Whether you are considering restoring parquet flooring on a DIY basis or would prefer to leave it to the professionals, we are here to help.
Parquet floors are beautiful, full of character and are currently a hugely desirable feature — this type of flooring has seen a recent surge in popularity. If you are lucky enough to have an original parquet floor in your home, restoring it to its former glory is definitely worth the time and effort.
Our guide explains what is involved in the process of rejuvenating and repairing a parquet floor.
What is a Parquet Floor?
Parquet floors were first seen in France, where they were introduced late in the 17th century as an alternative to cold tiles.
Unlike other types of wood flooring, they are made up of solid wood blocks (also known as strips or tiles), with fixed dimensions that are laid in various geometric or regular patterns, such as herringbone and chevron. These pieces of wood are typically rectangular, but also come in squares, triangles and lozenge shapes, along with feature designs such as stars.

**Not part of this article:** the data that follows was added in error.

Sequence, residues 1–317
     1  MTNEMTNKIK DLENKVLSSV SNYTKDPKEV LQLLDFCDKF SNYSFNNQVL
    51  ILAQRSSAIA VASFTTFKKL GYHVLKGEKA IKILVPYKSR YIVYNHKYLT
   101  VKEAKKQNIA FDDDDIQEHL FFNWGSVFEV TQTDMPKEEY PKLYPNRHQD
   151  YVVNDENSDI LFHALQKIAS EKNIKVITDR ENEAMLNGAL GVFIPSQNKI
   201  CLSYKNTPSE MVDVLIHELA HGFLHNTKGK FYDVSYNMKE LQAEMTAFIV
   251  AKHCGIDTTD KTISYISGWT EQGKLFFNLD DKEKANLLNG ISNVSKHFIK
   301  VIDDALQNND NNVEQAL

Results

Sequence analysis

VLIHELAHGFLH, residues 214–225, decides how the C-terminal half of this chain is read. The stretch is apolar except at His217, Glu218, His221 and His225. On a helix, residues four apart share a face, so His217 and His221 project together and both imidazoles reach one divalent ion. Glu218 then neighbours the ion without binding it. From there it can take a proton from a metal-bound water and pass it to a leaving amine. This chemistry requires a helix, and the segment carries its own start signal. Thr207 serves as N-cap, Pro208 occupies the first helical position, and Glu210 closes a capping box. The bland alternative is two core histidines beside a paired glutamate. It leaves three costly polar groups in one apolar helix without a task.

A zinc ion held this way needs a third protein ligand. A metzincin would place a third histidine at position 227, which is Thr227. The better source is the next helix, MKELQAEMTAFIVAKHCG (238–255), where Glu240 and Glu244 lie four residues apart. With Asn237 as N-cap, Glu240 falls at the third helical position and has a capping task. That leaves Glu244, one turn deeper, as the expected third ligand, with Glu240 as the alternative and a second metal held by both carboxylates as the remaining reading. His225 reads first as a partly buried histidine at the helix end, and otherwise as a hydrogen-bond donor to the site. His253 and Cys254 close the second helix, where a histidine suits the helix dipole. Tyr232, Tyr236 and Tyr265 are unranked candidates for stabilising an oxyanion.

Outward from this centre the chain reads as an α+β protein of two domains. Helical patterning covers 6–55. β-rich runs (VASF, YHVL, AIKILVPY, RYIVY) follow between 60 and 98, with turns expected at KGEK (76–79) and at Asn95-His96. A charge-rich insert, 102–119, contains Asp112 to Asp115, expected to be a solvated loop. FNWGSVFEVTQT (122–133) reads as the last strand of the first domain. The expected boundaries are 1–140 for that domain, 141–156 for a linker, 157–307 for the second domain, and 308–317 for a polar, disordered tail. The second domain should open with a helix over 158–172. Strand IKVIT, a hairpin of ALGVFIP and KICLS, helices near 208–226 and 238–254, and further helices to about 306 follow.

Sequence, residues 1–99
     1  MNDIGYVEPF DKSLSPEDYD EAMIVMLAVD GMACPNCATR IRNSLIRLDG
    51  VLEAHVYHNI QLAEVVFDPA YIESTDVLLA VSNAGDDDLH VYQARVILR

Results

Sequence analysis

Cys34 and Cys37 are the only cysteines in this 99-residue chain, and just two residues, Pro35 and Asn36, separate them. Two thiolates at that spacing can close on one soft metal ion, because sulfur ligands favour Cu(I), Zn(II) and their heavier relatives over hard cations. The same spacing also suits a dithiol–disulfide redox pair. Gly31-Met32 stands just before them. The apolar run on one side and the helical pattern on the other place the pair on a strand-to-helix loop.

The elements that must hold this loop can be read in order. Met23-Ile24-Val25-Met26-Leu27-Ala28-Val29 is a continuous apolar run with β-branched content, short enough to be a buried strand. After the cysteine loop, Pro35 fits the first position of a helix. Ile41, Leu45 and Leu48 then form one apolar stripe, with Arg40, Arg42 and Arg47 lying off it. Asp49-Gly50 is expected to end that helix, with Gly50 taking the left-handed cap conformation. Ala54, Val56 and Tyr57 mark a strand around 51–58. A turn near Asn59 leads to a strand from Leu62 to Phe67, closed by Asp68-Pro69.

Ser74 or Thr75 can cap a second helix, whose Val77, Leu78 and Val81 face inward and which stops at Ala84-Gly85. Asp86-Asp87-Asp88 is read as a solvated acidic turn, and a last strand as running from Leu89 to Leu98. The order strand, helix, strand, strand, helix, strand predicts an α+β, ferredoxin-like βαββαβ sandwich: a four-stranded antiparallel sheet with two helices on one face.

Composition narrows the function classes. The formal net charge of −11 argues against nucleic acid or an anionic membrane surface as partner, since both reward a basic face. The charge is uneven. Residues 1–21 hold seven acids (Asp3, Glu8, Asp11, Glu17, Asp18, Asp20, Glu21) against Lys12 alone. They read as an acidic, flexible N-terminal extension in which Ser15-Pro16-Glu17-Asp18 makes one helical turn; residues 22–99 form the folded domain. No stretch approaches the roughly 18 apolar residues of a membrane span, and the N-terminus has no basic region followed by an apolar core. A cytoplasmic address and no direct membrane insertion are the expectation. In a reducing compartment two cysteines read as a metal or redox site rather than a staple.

Parquet flooring is now available in engineered wood, although originally it would only have been made from solid wood.
How is Parquet Flooring Installed?
There was a time when parquet flooring was installed using hot bitumen as an adhesive. This is not a method now used, with cold adhesives being the preferred technique. You can buy wood parquet flooring adhesive, such as Nassboards SikaBond-54 Parquet Professional Wood Floor Adhesivefrom Amazon, specifically for the job.
Parquet flooring now often comes with tongue-and-groove edges, as with other types of engineered wood flooring.